2. If the center of pressure is behind the center of gravity the vehicle will be stable. I believe you want C.of P. as close to C. of G. as possible looking from the side. Look at the streamliner world, same as the dustbin. 🙂

  3. Have you read the blogs over at Craig Vetter and Terry Hershner’s sites? I get that crosswind performance is critical, but they are actively solving the problems. Terry’s huge mileage includes plenty of crosswind riding, sometimes in wind that would knock heavy bikes off their stands. TLDR: It’s not unsolvable by any means, just not attempted in recent history.

  4. Ted,

    The basic science is pretty well understood, but you have some pretty complex dynamics going on. A streamliner, with open sides, is harder to model than an idealized shape, in that you can have flows attaching and detaching under different situations. Also, being a two wheeler, roll and yaw interact, and can also affect the aerodynamics. Even if you are Boeing, and have access to wind tunnels, and supercomputers, you can’t be certain what detail you may be overlooking. The simplest way to figure out what works is try stuff. Granted, Boeing engineers are more likely to understand what just happened, and have a better idea of what to do about it. But unless you are the Pentagon, you aren’t likely to get their help.

      • Are you saying you think there would be a shortage of volunteers to test ride? You have a much different opinion of riders that the general public. 🙂

  5. What doesn’t seem to have been tried is spoilers. They simply spoil the lift without creating much drag. I’m not talking about the absurd things they stick on cars in random places. I mean the real things. Sailplanes use them. Small fences that can be popped up about a 1/3 of the way along the chord that spoils the lift. It seems like that would be the ideal solution to the problem of sidewind lift. It shouldn’t be impossible to have them come out automatically if certain combinations of roll rate and bar pressure combine, or simply have them fixed out all the time.

    • Lift in side winds doesn’t require retractable spoilers. They can be very thin in the longitudinal direction, adding almost nothing to forward drag, but spoiling lift from the side.

      But the problem for conventional streamlined motorcycles is not so much lift as simply too much side area, and in the wrong place vs center of mass.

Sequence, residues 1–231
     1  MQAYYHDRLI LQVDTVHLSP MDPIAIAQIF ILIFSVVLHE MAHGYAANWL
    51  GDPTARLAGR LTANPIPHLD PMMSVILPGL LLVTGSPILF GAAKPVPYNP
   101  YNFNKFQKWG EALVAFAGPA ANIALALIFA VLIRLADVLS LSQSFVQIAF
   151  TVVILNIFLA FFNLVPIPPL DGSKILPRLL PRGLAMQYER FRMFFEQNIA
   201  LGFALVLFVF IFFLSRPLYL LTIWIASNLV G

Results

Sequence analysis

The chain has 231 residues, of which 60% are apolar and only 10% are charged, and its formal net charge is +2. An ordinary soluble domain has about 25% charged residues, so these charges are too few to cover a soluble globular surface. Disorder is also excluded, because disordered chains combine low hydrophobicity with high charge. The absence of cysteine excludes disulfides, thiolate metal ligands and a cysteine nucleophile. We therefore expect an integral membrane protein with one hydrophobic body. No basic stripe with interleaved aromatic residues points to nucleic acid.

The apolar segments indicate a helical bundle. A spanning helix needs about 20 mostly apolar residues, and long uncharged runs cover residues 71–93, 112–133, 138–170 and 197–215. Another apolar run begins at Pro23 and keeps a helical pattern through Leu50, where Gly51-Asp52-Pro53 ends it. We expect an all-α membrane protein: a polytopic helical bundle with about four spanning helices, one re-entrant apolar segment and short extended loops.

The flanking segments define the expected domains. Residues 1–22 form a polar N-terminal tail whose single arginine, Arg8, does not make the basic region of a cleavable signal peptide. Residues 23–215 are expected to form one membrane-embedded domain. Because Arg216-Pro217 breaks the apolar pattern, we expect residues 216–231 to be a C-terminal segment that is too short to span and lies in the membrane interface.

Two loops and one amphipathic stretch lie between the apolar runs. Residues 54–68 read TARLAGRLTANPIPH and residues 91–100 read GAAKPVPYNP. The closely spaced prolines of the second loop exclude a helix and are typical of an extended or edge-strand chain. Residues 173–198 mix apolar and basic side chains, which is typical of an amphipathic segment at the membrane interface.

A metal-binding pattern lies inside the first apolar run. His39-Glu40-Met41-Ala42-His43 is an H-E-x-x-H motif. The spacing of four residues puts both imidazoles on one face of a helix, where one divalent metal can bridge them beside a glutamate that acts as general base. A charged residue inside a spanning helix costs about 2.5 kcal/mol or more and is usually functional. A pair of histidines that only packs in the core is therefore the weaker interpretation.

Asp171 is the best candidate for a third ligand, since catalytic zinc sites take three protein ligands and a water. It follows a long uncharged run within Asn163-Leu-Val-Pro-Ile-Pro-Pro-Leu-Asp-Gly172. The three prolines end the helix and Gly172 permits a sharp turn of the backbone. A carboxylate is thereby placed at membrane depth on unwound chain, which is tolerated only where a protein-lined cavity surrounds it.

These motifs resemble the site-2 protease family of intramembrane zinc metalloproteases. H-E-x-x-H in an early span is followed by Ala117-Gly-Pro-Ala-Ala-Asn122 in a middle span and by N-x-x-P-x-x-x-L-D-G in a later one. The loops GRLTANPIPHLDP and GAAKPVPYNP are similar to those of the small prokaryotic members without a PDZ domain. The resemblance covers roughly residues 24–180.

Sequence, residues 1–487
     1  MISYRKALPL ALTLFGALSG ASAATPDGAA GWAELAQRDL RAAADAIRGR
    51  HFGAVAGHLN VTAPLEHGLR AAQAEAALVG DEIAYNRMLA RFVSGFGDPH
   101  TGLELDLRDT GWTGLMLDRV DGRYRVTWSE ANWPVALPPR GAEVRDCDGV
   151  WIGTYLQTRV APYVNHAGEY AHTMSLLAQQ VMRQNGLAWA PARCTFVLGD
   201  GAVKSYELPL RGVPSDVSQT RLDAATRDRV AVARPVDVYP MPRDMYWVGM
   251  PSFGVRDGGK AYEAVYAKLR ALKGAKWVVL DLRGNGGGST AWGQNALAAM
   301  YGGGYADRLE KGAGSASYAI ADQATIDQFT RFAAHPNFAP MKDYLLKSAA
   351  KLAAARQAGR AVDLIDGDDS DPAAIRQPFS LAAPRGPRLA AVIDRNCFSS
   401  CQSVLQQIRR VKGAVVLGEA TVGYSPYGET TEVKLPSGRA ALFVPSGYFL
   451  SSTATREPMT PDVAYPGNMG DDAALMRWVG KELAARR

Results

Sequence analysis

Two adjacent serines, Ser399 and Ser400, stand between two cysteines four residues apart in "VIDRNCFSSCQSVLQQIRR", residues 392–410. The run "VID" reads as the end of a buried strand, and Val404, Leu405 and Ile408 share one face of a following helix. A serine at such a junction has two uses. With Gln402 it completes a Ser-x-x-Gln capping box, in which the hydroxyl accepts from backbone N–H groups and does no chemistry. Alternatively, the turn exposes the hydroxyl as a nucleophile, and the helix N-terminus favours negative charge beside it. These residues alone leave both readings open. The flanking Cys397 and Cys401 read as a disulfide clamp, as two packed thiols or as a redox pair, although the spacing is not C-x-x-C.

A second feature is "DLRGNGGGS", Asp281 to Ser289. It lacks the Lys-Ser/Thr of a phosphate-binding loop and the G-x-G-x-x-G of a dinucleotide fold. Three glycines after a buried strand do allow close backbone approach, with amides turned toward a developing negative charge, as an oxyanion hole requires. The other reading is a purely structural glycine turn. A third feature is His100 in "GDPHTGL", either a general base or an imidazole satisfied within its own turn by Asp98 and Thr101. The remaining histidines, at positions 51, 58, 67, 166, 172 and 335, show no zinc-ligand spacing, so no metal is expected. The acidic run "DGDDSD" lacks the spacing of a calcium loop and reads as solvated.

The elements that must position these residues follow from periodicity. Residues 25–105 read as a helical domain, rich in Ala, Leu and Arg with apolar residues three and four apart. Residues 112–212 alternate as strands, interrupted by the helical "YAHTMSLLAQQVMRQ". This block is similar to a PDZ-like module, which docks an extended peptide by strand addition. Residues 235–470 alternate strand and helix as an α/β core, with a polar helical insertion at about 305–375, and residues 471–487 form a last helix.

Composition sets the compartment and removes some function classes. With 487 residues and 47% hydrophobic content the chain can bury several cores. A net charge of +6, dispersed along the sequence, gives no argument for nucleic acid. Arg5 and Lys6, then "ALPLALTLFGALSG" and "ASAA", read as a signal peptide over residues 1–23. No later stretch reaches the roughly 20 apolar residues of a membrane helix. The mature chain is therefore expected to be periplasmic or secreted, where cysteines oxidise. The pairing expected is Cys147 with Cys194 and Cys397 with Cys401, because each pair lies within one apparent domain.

6. I love charts without units.

    I know for your article comparison, they were not needed, but the person who created the chart should be fired. Even on the website text , they only note that “velicity is in mph”…

    • Hey caoliveiri, I created the chart. I worked on that project for less than free, so you can’t fire me.

      The chart was created in April 2007 when there was very little data on the behavior of streamlined of motorcycles available on the internet and even less remembered about what we learned in the 1950’s.

      You can download the spreadsheet that created that chart (without units) at . If you visit the source of the chart, you will also read the following about the chart. “Based on these simple assumptions, I should be able to take my ugly, unfaired motorcycle and accomplish the performance gains shown on the chart below (this chart was created mathematically and is not based on actual data) by enclosing it in aerodynamic shapes (note velocity is in MPH):”

      As a result of that unit-less chart I went on to build some of the most efficient motorcycles in the world. The shape and divergence of the curves is what’s important.

      Since 2007, we collected and posted actual data to support that streamlining does in fact work in the real world. Also, we’ve collected 100,000+ real world miles of streamlined motorcycle experience that indicate cross winds are manageable. Practical experience has shown that the proper set-up will cause a streamlined bike to automatically lean into cross winds without rider input.

      Kraig Schultz

      • Thanks so much for weighing in on this, Kraig. Can you help me out and post some links to the data you reference that you’ve collected since ’07? I was unable to find any reference to cross-winds or cross-wind modeling.

      • Cross wind stability: This link has some really good quotes from the people with understanding on what it takes for wind gusts to appropriately countersteer a streamlined bike.

        Kraig Schultz’s Delta-11, 11,500 miles so far – still leans appropriately into the wind by itself. A real plus when winds are gusting, changing directions quickly, like happens when you ride into and out of a clump of trees. The Delta-11 steering geometry and reaction to wind gusts was pure “luck”. The front steering is from a Ninja 1998-2007 Generation 3.
        Ninja EX250 which has a headtube rake angle = 27degrees.

        The Delta-11 Rake was set at 28 degrees to get an extra .25″ of frame clearance with front tire and to hopefully make it a touch more stable at high speed. Trail=4.083″, Offset=1.5″

        The complete history of fuel economy for the Delta-11 prototype is located at

        Charts and other information about the fuel consumption of the Delta-11 can be found in the project pages for the Delta-11 project:

        Chapter 4 in particular was when I had the most concerns with crosswinds as they were very scary to me having ridden the prototype less than 2,000 miles and not knowing what to expect. Over the last 10,000 miles I’ve learned to trust the bike and that it will heel over correctly and just enjoy the ride – I’ve not had enough experience on other forms of bikes to know if this is normal or not. There is one, three lane, expressway, high traffic 100 yard section on a high bridge over a river with metal grating that I don’t like riding over in high/gusty winds. It’s on my daily commute and I try to ride in the wind shadow of car or truck when crossing it. But, the metal grate scares me EVERY time I cross it – like this morning when it was 35 degrees. I just don’t feel comfortable with the traction available on that type of surface.

        Alan Smith’s gen 3 Ninja 250 has been in some really good wind storms in his travels back and forth across the USA. I think he’s been across the county and back 4 times so far with streamlining.

        Terry Hershner has put over 40,000 on his Zero S streamlining and has some really good stories about riding in winds that had other vehicles worrying.